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Bridges of the Byway – Ohio River Scenic Byway
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Ohio River Scenic Byway / Bridges of the Byway

Bridges of the Byway

Counting ferries and dams, pedestrian, train and auto bridges, all told there are dozens of Ohio River crossings along or near the Ohio portion of the Ohio River Scenic Byway. Many of them have storied histories all their own that enhance the experience of travelling along (and across) the river. Below are just some of the highlights.

Between East Liverpool, Ohio and Chester, WV is the first Ohio River Bridge along the Byway. It is the Jennings Randolph Bridge. Completed in 1977, it is the largest example of a Platt truss bridge in North America.

It is impossible to miss the sleek and dramatic Veterans Memorial Bridge at Steubenville. Opened to traffic in 1990, the 2,000 foot span has a towering central structure that’s visible for miles.

Crossing into Wheeling is a former world record holder. Construction of the Wheeling Suspension Bridge began in 1847, and when the job was done, it was the longest suspension bridge in the world. Also the first bridge to cross the Ohio River, the photogenic bridge is still open to traffic.

For a rare experience, be sure to catch the Sistersville Ferry in the Monroe County community of Fly. In 2017, the ferry will mark the beginning of its third century in service. It is the only ferry crossing into West Virginia across the Ohio River.

In 2008, the Blennerhassett Island Bridge opened, altering traffic patterns in the Ohio Valley by completing Corridor D of the Appalachian Highway System. The award winning structure is over 4,000 feet long and is just south of Belpre in Washington County.

Also completed in 2008, the Bridge of Honor, also known as the Pomeroy-Mason Bridge offers a graceful modern design by daylight. Evening is an even better time to visit the span as vibrant purple lights illuminate the bridge’s cables and towers.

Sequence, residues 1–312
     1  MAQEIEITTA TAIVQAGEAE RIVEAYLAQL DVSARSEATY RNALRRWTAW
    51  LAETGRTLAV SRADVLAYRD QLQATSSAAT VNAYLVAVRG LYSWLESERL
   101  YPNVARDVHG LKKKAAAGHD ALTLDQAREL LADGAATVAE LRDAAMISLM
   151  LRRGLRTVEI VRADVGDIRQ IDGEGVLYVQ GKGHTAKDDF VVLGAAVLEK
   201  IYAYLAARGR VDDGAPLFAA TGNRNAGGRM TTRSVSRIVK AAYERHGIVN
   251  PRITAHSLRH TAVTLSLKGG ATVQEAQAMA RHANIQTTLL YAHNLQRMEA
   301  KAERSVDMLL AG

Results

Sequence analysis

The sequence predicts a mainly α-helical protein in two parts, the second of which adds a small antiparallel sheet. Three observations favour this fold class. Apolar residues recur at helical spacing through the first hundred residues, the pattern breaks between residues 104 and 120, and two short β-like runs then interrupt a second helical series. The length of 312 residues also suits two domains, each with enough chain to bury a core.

Crossing into Greenup, Kentucky, is the Jesse Stuart Memorial Bridge. Carrying a highway right across the top of the Greenup Locks and Dam, this unique river crossing was finished in 1984.

At Portsmouth, Ohio is the Carl Perkins Bridge. Originally opened in 1988, the span is named for a US House of Representatives member from the Bluegrass State, not a blue suede shoe enthusiast.

In Brown County is the second ferry that crosses the river along the Scenic Byway. The ferry has been in continual operation since 1797.

Cincinnati has several bridges connecting it to Kentucky. The Newport Southbank Bridge is open to pedestrians only. The John H. Roebling Suspension Bridge is also open to pedestrians and is used by sports fans to get access Reds and Bengals games, thanks to its proximity to some of the area’s professional sports facilities.

The last crossing before the end of the Ohio Scenic Byway is the third ferry crossing. Anderson Ferry in Hamilton County has been carrying traffic since 1817. It’s located less than 10 miles west of Cincinnati.

Remember– these are just a small sample of the Ohio River Crossings you will find on your own adventure of discovery along the Ohio River Scenic Byway.